2017/16: Morley Lake - Johnsons Crossing

  Stage 2017/16 [A059]
Morley Lake - Nisutlin Bay Bridge - Teslin - Teslin River Bridge - Johnsons Crossing (Alaska Highway 1)
⇨ 58 mi / 94 km
⇧ 790 Hm (garmin edge 1000)

 

 

 

 

 

British Columbia and Yukon by bicycle: Cycling the Cassiar Highway and Alaska Highway northbound. Stage from Morley Lake up to Johnsons Crossing.
 
 
Camping am Morley Lake.
Last night we were the only campers staying at the shore of Lake Morley. I guess, other people prefer to stay away from this place due to the weather conditions at this time of the year: at the end of August it is quite cold here, in the morning the pannier bags are overfrozen. Hot tea and first rays of sunshine are keeping us alive.
 
British Columbia and Yukon by bicycle: Cycling the Cassiar Highway and Alaska Highway northbound. Stage from Morley Lake up to Johnsons Crossing.
The night was cold but dry and as we return to the Alaska Highway we find out that the weather is meqaning well with us today. That was not always the case in the last days. Strictly speaking, it is the first friendly day since we left Yellowhead Highway atTerrace.  
 
British Columbia and Yukon by bicycle: Cycling the Cassiar Highway and Alaska Highway northbound. Stage from Morley Lake up to Johnsons Crossing. =
After 40 km we drive about 150 vertical meters downhill to the Nisulin Bay Bridge south of the village of Teslin.  
 
British Columbia and Yukon by bicycle: Cycling the Cassiar Highway and Alaska Highway northbound. Stage from Morley Lake up to Johnsons Crossing.
1 km south of the bridge there is a parking lot with a beautiful view of the bridge. With a length of 584 m / 1.917 feet the bridge is the longest one on the Alaska Highway. Not only the bridge, but also the place Teslin has an interesting history. Thus, to build the highway many locals First Nations belonging to the tribe of Tlingit were hired to use their knowledge of local terrain and manpower. Due to this job the workers began to settle down and stayed in Teslin for the winter season instead of following their traditional winter routes. Living together in confined spaces led to the spread of infectious diseases among the Tlingit that were previously unknown in the community, and to which a large number of Tlingit fell victim.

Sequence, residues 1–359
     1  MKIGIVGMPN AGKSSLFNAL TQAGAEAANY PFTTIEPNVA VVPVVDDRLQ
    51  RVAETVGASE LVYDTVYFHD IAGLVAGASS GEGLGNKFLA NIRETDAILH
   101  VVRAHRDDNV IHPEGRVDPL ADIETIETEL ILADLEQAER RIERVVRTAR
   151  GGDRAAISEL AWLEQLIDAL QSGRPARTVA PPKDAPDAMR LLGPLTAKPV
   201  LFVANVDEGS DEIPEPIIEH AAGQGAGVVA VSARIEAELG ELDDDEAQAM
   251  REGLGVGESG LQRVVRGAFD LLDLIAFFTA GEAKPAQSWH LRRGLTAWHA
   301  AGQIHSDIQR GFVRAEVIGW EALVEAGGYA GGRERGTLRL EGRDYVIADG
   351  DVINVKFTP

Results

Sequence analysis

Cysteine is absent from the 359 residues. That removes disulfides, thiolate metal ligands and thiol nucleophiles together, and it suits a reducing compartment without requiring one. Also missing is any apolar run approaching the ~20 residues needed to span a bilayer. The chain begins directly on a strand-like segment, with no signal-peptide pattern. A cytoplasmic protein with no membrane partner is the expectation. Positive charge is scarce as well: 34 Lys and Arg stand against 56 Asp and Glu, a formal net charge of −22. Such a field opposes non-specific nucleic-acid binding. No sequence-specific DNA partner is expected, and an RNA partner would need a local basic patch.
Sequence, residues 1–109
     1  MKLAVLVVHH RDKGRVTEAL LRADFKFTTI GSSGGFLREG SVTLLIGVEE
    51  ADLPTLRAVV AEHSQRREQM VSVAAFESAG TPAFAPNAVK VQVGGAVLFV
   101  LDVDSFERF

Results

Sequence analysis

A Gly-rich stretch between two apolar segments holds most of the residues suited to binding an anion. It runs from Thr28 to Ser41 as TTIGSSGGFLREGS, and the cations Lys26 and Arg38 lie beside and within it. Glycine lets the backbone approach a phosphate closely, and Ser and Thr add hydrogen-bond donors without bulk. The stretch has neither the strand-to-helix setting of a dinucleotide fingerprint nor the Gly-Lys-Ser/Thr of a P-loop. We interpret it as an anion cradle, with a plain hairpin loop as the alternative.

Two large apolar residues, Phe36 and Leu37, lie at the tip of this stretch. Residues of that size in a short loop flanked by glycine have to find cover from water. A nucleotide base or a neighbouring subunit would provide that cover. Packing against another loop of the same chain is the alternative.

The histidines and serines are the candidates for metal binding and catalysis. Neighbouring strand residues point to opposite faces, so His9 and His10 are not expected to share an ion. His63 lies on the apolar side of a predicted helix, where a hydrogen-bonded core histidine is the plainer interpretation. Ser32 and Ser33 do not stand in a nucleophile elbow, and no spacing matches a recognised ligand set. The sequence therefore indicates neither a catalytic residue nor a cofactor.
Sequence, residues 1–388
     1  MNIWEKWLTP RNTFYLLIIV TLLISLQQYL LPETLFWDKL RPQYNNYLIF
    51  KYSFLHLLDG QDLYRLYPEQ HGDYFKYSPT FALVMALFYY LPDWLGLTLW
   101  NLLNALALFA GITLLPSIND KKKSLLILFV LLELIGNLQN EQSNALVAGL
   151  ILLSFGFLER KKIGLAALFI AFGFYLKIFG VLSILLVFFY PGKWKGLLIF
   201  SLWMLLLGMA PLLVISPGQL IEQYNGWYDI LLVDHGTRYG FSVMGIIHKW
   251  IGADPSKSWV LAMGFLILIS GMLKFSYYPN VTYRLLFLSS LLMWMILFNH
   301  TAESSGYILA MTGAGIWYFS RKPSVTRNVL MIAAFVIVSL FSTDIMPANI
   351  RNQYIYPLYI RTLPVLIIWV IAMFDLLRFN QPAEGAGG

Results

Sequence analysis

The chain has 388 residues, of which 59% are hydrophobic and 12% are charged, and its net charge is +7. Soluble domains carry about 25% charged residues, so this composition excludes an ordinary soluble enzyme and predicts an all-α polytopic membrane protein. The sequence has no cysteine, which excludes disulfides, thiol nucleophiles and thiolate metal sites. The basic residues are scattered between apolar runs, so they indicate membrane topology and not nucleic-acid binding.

Nisutlin Bay Bridge. British Columbia and Yukon by bicycle: Cycling the Cassiar Highway and Alaska Highway northbound. Stage from Morley Lake up to Johnsons Crossing.
Selfie with bridge. Advice for those who ask for directions in this area: The Nisutlin Bay Bridge is named this way because it crosses the Nisutlin Bay. Although the bridge on the outskirts of Teslin is within sight of the Teslin River, this is not the Teslin River Bridge. The Teslin River Bridge lies not in Teslin, it is located further north.
 
British Columbia and Yukon by bicycle: Cycling the Cassiar Highway and Alaska Highway northbound. Stage from Morley Lake up to Johnsons Crossing.
We carry on and ride over the bridge. Like other bridges we crossed on the Cassiar Highway, the Nisutlin Bay Bridge has a steel grate as a roadway and should be cycled with caution in wet conditions.
 
British Columbia and Yukon by bicycle: Cycling the Cassiar Highway and Alaska Highway northbound. Stage from Morley Lake up to Johnsons Crossing.
Rest of the day we follow the Alaska Highway northbound. One may not believe it, but the weather remains pleasant.
 
British Columbia and Yukon by bicycle: Cycling the Cassiar Highway and Alaska Highway northbound. Stage from Morley Lake up to Johnsons Crossing.
50 km north of Teslin, just before we reach the bridge over the Teslin River, we pass the junction for the Canol Road. The Canol Road (correctly called: Canadian American Norman Oil Road) and was built in World War II to allow the construction of an oil pipeline from Norman Wells to Whitehorse. Construction began in 1942, in 1944 the pipeline was completed and in 1945 it was put out of service. With a diameter of 4 inches / 10 cm, it's amazing that you could even pump crude oil through this line over 450 km. After the shutdown of the operation, the US operators have kindly left all their equipment in the landscape.
 
Teslin River Bridge. British Columbia and Yukon by bicycle: Cycling the Cassiar Highway and Alaska Highway northbound. Stage from Morley Lake up to Johnsons Crossing.
At Johnsons Crossing we drive over the Teslin River Bridge. With a length of 446.95 m / 1,466 feet, the 1944 opened bridge is after all the third longest on the Alaska Highway. In 2005, steel grating was replaced by an asphalt pavement.
 

British Columbia and Yukon by bicycle: Cycling the Cassiar Highway and Alaska Highway northbound. Stage from Morley Lake up to Johnsons Crossing.
We spend the night in Johnsons Crossing, a place with about 18 inhabitants, and enjoy a wonderful view over the Teslin Bridge with its distinctive arch in the middle of the bridge (as I said before: do not confuse the Teslin River Bridge with the Nisutlin Bay Bridge!).